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Scientists have developed a new kind of artificial gravity that could help keep astronauts healthy – the BGR



Flying into space means leaving Earth's gravity behind. Astronauts hovering around the International Space Station may look like they're having fun in the weightless environment, but a lack of gravity can actually be a serious disadvantage when it comes to long-term health.

Well, researchers at CU Boulder have, so to speak, planned the first step towards artificial gravity devices installed in spaceships for the benefit of human travelers during space missions. The device – a large table spinning machine – may be a glimpse into the future.

Gravity and mass go hand in hand, and the generation of actual gravity is something we just can not do. With a centrifuge, however, it is possible to simulate the "weight" of gravity.

A carousel in your local park is an easy way to understand the consequence: the faster the ride turns, the firmer you have to stay in order not to be thrown off to become. Swap the carousel for a flat disc and position your body so that you lie with your feet out on your back and have the makings of a device with artificial gravity.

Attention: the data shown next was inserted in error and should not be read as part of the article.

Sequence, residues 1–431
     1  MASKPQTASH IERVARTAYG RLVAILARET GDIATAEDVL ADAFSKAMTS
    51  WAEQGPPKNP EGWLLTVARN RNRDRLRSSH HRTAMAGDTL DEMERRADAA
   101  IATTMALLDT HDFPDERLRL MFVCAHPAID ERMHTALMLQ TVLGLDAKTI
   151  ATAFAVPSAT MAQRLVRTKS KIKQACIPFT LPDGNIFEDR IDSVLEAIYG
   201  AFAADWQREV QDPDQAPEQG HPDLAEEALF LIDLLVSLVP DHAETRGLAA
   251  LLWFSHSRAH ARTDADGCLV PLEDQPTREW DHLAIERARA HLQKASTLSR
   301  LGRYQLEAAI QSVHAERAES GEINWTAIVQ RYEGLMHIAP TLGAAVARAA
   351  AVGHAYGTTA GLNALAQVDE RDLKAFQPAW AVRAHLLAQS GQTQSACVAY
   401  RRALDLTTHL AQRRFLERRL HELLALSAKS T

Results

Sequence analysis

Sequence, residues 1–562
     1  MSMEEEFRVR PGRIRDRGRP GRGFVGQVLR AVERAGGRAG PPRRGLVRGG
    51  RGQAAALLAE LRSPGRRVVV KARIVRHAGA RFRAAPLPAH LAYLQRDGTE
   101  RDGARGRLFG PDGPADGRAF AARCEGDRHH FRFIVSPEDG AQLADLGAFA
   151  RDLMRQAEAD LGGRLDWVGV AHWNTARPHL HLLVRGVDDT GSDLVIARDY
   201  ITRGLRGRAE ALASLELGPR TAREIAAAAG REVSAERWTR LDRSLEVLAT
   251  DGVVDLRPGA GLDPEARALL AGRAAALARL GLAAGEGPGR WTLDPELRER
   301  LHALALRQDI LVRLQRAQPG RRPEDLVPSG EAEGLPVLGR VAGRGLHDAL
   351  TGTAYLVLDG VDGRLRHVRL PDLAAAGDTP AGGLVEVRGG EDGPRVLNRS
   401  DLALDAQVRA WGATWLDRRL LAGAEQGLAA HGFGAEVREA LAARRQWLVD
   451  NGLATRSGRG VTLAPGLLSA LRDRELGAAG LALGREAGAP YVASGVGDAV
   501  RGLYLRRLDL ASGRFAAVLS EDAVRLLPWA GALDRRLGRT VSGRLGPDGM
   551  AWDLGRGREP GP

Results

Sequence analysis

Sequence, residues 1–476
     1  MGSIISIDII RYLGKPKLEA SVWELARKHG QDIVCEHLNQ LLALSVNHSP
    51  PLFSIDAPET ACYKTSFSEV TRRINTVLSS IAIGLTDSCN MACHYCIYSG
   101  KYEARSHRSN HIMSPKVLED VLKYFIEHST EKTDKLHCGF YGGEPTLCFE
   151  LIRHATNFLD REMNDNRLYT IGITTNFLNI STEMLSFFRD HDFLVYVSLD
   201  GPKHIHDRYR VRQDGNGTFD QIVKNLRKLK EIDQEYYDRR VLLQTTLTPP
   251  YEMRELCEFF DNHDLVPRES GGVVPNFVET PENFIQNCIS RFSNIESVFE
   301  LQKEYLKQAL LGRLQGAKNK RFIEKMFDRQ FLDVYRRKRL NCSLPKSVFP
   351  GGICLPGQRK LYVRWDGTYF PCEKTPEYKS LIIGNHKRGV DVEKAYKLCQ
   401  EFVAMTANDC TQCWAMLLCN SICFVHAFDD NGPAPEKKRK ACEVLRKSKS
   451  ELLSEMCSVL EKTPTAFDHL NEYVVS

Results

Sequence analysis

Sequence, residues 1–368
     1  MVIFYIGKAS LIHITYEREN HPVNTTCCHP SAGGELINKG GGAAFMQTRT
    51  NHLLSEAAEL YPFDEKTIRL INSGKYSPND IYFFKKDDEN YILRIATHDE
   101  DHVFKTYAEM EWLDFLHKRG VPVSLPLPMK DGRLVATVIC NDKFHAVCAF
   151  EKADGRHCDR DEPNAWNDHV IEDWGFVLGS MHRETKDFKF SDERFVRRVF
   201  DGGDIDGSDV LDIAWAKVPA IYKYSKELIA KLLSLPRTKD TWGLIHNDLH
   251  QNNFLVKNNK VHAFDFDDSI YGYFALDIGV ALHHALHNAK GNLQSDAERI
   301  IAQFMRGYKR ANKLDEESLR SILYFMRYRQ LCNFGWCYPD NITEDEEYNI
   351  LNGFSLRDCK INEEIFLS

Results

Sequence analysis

Living in an Ultra – A low gravity environment over a long period of time can damage the muscles and joints of the astronauts. For this reason, the ISS is packed with exercise equipment to keep spacemen in top condition, but that too can only do so much. [19659002] Disc-shaped artificial gravity devices, such as those built by CU Boulder, could be an easy way to enhance existing astronaut fitness routines and keep spacemen healthier for extended periods of time. However, there is a big hurdle that is just getting over: motion sickness.

As a person turns on the device, any movement of the head can lead to upset stomach, which is ideal for anyone, especially scientists, to travel through space. The team has been working to personalize the gravity routine for each individual ramp to the correct rotation speed. In this way, the researchers were able to bring all subjects to a speed of 17 revolutions per minute, without bringing them out of balance.

Looking to the future, the CU Boulder team is planning to further streamline the system and hire more volunteers who are slowly thinking about what might one day be the answer to keeping people happy and healthy in space.

Image Source: CU Boulder


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